Progressive Era Notes

Miss Springborn
Team 6
Social Studies
December 2012
 As
the Civil War ended, increased immigrants
caused American cities to grow. As cities
grew new problems arose. Reformers swung
into action in areas such as city government,
politics, public schools, and the workplace.
African Americans, American Indians,
immigrants, and women also called for
 Many
people refer to the time period at the
end of the 1800’s to the early 1900’s as the
Gilded Age. This nickname came from Mark
Twain, a famous author, who said from a
distance American society looked golden but
when you looked up close it was actually
“gilded” (coated with cheap gold paint).
 Powerful
organization called political
machines influenced city and county politics
 They used both legal and illegal ways to get
candidates elected to office
 They would bribe voters, election officials,
get only one candidate listed on the ballot,
paid for votes, and even hire the people who
counted the votes to make sure it turned out
the way they wanted
 Political machines where run by powerful
 Bosses traded favors for votes
 Most
bosses got support from new immigrants
who needed more help to get by
 One of the most famous political bosses:
William Marcy Tweed of New York City
reportedly stole as much as $200 million
from the City Treasury during his time in
 Even the federal government was corrupt:
especially the administration of Ulysses S.
Grant. Many of his officials were arrested in
plots to avoid paying taxes and went to jail
The nation passes Civil Service Reform
 Civil Service is the term used to describe
government jobs… for example: police, fireman,
state troopers, IRS workers, and all other
government jobs are considered to be Civil
Service Jobs
 This was supposed to help put the most qualified
candidates in the job
 You had to take a test about your test and show
certain skills
 People were then ranked (highest to lowest)
based on their test scores and would get picked
for job openings that way
 This
was to prevent unqualified and corrupt
officials from getting government jobs
 The law passed in 1883 was called the
Pendleton Civil Service Act and set up a
merit system controlled by the Civil Service
Commission. Today it covers almost 90% of
all government jobs.
Reformers in the late 1800’s and early 1900’s
were knows as Progressives
 They worked to solve problems such as crime,
disease, and poverty
 Many areas were targeted for reform such as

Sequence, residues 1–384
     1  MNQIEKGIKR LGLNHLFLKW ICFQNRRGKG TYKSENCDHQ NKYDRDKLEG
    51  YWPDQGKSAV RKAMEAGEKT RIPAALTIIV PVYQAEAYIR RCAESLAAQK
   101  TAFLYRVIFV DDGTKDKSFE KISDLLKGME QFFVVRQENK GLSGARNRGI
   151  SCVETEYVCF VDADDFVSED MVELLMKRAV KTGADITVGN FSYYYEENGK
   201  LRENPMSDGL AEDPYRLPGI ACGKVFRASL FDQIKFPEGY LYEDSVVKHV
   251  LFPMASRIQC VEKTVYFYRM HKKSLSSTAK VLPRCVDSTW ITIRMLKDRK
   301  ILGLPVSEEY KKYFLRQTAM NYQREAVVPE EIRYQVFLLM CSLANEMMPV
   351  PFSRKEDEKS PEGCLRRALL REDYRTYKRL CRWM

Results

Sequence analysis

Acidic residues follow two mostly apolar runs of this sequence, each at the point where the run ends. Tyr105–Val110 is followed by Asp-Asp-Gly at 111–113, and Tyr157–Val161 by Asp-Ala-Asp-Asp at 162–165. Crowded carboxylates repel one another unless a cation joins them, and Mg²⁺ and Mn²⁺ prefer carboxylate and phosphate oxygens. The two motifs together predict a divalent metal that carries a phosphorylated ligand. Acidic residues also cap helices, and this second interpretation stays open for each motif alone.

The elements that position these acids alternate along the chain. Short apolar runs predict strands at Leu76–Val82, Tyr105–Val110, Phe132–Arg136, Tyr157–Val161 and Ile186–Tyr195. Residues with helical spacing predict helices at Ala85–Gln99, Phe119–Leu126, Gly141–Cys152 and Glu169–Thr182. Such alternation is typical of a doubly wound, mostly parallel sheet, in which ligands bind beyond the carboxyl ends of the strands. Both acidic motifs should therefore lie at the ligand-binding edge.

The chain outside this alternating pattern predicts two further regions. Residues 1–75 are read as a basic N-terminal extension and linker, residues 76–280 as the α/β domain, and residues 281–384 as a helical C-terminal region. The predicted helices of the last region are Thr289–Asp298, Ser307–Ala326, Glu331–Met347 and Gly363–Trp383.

health and education, poor living conditions,
unsafe working conditions, social unjust,
government corruption, child labor, racial
discrimination, corrupt monopolies, tenements
and more!
 Reformers received help from Muckrakers,
journalists that helped “dig up dirt” on the
problems in society
 Solving
Corruption in Politics:
 Goal was to Expand Democracy: to help stop
the political corruption we start to expand
the right to vote and the power of the
 We create more of a direct primary system
where the people vote on who will be the
candidates for political office
 The
17th Amendment is passed in 1913 and
allows for the first time Americans the right
to vote directly for their Senators in Congress
(remember there are 2 senators from every
 Voters also were given the right to call for
action on many political issues:
 Recall:
Voters can now sign a petition asking
for a special vote on an elected official. This
allows them to remove elected officials if
they are not happy with them
 Ex: The governor of Wisconsin recently had a
recall vote on his term because many were
unhappy with some of his more recent
decisions, he won his recall vote and is still
in power today
 Initiative:
this allows voters to propose a
new law by getting signatures on a petition
 Ex: Many states recently voted on issues in
the last election under initiative vote, such
as the legalization of medical marijuana and
in California many citizens wanted change
what information was on food labels to
include anything genetically altered
 Referendum:
allows voters to sign a petition
to vote on a law already in place
 Ex: Puerto Rico ( a US Territory) recently
voted in a referendum to change their
relationship with the United States and
instead of remaining just a territory to try
and work towards becoming our 51st state
 Create
a new system of government that runs
more like a business model
 Had a city council that was elected by the